BNY Mellon has been appointed trustee, paying agent and bond registrar for approximately $18.5 million in green bonds by the Vermont Educational and Health Buildings Financing Agency (VEHBFA) and Saint Michael’s College. The bonds, described as the first green bonds issued by a Vermont higher education institution, will finance the construction of a three-story 188-bed residence hall for students at the college, which is located near Burlington, VT.
The bonds, which will be backed by tuition and other student fees, have been designated green bonds because the new residence hall is being designed to use less energy. The new residence hall will replace older dorms which are more expensive to maintain and located further from the main campus. The new hall also will incorporate sustainable building practices.
Said Neal Robinson, vice president for finance of Saint Michael’s College: “BNY Mellon has provided excellent support on our previous bond issues and has a strong track record in supporting green bond issues. Green bonds are attractive to investors seeking to support projects designed to limit the impact of climate change, while obtaining competitive returns. Promoting environmental sustainability is an important goal of Saint Michael’s College.”
“Green bonds continue to gain momentum as issuers and investors see their importance in confronting climate change,” said Antonio Portuondo, head of BNY Mellon Corporate Trust’s public and not-for-profit business.” In addition to appealing to retail investors seeking more sustainable investments in their portfolios, green bonds benefit institutional investors addressing environment, social and governance mandates (ESG) mandates. This had been a challenge for fixed income investors prior to the emergence of green bonds.”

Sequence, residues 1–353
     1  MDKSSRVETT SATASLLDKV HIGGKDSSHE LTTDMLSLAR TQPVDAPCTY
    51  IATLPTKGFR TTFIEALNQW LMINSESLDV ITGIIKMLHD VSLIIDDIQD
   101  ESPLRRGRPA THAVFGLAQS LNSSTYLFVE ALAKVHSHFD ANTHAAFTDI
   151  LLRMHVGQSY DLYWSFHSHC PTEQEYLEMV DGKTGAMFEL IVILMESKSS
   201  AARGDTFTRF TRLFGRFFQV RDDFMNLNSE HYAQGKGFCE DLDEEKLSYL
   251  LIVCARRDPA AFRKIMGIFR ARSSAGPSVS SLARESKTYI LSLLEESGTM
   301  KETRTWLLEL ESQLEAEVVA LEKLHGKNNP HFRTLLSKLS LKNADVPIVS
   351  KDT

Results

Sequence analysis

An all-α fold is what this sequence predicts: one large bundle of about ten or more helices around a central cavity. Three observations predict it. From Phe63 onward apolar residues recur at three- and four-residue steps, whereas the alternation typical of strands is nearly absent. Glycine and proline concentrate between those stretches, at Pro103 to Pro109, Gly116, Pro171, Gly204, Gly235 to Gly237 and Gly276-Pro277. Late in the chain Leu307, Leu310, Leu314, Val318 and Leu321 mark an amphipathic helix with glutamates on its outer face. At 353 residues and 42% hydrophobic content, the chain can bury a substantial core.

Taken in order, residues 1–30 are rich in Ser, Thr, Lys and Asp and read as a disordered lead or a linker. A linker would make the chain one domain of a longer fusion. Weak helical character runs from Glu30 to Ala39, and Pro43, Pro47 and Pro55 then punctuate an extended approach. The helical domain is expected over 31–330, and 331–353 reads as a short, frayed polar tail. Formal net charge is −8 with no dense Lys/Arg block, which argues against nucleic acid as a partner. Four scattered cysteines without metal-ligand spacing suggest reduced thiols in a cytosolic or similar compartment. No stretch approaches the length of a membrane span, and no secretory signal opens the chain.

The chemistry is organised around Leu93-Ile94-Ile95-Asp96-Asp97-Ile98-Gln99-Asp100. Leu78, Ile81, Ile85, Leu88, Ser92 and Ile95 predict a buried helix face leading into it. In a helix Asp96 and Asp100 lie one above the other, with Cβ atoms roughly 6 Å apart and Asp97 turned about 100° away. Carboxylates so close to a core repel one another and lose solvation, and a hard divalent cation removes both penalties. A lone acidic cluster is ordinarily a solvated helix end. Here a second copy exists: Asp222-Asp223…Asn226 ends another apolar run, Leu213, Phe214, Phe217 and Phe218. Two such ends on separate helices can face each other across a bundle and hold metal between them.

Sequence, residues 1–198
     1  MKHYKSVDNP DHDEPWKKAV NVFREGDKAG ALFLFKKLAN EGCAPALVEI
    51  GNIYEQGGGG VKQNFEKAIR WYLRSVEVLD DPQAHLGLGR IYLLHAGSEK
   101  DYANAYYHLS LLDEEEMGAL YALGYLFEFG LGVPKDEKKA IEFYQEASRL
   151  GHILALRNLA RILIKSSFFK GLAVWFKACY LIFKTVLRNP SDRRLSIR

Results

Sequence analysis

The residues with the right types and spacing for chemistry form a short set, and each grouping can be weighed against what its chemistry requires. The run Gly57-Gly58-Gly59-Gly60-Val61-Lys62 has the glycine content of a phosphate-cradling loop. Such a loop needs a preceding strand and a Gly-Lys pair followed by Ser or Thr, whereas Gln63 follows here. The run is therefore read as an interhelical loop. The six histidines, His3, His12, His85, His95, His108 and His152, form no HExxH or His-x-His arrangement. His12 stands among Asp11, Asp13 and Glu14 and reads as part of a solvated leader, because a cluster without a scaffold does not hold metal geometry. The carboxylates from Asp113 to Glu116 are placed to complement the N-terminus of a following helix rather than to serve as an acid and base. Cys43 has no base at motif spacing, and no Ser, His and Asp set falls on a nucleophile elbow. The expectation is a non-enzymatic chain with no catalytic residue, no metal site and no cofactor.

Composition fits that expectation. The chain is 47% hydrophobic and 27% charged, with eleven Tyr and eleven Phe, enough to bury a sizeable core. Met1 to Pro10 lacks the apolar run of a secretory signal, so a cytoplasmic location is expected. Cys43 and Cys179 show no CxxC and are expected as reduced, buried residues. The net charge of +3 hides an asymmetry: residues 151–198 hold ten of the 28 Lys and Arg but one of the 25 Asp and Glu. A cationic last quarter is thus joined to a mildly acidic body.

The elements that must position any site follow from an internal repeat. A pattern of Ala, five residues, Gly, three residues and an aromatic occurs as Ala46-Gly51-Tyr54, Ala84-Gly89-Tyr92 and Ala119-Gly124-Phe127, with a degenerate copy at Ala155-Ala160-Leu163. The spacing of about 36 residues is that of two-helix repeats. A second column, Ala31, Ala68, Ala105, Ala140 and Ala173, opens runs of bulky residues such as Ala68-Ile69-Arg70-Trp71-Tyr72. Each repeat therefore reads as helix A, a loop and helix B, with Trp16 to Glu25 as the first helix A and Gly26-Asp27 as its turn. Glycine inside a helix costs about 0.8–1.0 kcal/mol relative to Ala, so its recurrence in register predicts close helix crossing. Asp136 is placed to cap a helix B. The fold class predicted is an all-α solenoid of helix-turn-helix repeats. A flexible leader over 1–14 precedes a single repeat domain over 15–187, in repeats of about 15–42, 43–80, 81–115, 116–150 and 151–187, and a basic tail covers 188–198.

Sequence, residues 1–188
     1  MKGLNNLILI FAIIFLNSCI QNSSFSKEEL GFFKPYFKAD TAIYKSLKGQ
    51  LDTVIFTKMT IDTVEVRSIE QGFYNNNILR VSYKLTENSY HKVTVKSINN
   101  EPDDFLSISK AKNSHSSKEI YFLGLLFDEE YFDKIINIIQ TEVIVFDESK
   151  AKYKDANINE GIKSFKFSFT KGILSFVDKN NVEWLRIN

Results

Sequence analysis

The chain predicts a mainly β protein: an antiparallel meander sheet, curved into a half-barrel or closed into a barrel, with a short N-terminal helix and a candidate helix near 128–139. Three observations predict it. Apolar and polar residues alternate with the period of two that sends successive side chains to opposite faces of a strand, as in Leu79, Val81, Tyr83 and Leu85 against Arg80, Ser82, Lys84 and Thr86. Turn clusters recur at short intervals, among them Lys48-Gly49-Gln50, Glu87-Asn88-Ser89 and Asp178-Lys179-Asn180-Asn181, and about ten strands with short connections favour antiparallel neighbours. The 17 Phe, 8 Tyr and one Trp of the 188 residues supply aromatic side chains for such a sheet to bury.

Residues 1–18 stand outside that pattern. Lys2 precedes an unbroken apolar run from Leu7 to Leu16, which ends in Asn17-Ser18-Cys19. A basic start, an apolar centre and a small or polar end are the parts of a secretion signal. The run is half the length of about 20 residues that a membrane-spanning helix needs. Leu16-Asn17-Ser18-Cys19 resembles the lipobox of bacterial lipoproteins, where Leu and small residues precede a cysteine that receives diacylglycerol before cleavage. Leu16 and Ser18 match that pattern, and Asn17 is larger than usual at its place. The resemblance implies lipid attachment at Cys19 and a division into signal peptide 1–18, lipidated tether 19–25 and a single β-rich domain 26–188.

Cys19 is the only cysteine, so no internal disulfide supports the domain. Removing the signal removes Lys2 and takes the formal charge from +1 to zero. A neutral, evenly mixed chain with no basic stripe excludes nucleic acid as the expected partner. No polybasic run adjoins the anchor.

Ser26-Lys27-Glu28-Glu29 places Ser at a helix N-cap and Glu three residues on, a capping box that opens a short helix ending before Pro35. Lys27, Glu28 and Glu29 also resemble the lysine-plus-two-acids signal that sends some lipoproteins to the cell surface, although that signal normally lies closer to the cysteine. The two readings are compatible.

Among the technologically advanced aspects of the Saint Michael’s project is the construction of 30 geothermal wells that will be dug to a depth of 500 feet that will heat, cool and provide water to the residence hall. It will use one boiler, which will be used to provide backup energy. This compares to a conventionally designed structure that would use four fossil-fuel burning boilers, creating a much larger carbon footprint.